A staple for women and men alike, kohl eyeliner powder (also known as kajal or surma) has been around for millennia. It is a thick, dark makeup that creates a precise line around the eyes. It is traditionally applied with a stick-like applicator that is dipped in the powder and then swiped along the upper or lower water line of the eyes with the lips closed. The line can then be widened, narrowed or curled to suit the mood or look. This traditional application has changed little over the centuries and is still practiced by Egyptians, as well as many other cultures.
Historically, kohl was made from a natural mineral called galena or lead sulfide and mixed with various other inorganic and organic ingredients like soot and ground almonds to achieve different hues of gray and black. It was thought that applying the kohl around the eyes would protect them from the harsh desert sun and sand dust by blocking the light. The ancients also believed that the lead in kohl could interact directly with immune cells in the eyes and boost their function and strength.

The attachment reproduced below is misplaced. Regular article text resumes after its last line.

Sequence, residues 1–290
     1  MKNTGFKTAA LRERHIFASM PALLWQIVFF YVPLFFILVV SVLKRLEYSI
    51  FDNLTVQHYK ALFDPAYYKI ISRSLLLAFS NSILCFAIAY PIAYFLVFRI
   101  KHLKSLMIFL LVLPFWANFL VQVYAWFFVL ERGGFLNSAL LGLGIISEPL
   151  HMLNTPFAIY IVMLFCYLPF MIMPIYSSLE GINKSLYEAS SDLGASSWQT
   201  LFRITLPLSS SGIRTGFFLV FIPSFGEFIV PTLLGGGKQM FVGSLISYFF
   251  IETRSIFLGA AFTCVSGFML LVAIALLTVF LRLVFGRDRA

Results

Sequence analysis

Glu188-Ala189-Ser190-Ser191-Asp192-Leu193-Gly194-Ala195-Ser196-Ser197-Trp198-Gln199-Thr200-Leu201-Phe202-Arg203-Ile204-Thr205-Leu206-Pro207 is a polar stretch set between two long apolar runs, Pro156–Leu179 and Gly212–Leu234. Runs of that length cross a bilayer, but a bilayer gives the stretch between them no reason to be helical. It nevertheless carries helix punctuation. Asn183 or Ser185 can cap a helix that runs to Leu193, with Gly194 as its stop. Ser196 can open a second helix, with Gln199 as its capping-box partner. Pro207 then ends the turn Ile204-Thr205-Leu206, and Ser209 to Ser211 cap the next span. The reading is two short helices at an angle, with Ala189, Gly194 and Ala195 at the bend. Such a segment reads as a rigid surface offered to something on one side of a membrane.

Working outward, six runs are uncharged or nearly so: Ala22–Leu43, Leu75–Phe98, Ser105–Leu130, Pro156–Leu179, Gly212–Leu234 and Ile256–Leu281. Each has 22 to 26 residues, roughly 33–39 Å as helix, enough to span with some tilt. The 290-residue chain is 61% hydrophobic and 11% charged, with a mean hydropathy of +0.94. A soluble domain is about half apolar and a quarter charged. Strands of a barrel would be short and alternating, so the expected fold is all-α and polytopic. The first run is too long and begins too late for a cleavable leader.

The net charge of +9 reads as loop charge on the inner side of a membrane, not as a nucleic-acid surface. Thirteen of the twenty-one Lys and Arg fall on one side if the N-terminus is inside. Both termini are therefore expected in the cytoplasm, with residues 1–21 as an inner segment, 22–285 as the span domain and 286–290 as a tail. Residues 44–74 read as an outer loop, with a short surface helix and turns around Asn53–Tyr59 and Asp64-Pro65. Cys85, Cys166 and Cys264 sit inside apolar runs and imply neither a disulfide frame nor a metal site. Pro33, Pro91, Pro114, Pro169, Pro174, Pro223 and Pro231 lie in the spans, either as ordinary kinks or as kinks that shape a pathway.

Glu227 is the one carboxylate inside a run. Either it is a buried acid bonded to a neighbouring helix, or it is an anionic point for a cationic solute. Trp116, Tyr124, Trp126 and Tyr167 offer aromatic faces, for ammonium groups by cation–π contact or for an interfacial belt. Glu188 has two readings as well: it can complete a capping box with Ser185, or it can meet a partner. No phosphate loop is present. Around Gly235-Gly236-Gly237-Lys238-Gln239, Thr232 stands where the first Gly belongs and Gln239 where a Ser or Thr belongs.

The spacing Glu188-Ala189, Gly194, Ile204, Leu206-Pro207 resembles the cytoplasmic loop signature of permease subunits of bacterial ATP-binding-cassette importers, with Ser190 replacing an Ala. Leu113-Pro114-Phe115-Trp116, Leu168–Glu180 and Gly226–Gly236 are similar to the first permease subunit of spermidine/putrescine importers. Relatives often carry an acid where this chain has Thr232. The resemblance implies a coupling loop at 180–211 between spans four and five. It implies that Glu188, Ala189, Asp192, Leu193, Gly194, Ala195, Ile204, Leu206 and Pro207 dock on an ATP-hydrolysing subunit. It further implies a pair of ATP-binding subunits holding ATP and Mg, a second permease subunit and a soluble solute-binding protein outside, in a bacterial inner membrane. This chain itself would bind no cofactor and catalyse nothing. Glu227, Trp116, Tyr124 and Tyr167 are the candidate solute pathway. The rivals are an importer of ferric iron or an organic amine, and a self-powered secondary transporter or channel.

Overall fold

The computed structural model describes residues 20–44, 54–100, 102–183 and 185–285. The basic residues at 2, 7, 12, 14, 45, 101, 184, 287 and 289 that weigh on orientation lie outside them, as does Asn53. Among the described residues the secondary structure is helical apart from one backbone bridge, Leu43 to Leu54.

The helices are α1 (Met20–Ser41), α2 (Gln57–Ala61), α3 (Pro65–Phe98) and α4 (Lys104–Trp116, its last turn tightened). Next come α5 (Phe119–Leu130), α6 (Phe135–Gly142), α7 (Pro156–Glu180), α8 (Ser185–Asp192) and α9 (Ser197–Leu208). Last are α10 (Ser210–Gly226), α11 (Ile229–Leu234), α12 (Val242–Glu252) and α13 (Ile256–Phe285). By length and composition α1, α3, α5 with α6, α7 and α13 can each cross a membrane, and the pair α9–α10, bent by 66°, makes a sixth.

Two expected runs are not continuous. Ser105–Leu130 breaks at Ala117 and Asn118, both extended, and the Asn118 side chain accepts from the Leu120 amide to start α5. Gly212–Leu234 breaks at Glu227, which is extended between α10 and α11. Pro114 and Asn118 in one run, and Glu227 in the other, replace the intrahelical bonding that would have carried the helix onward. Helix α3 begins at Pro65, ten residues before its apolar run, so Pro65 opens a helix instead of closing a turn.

Although modern kohls are often more safe than their older counterparts, the danger of lead poisoning remains a concern in many cosmetic products today. Lead sulfide is a dangerous chemical that can permeate the skin and enter the bloodstream, where it can cause many adverse health effects including brain damage, eye problems and even death. Thankfully, modern cosmetic manufacturers are beginning to crack down on the use of this toxic element. The beauty industry has come a long way since Eugene Rimmel first developed the modern pencil-shaped kohl in the late 19th century. kohl eyeliner powder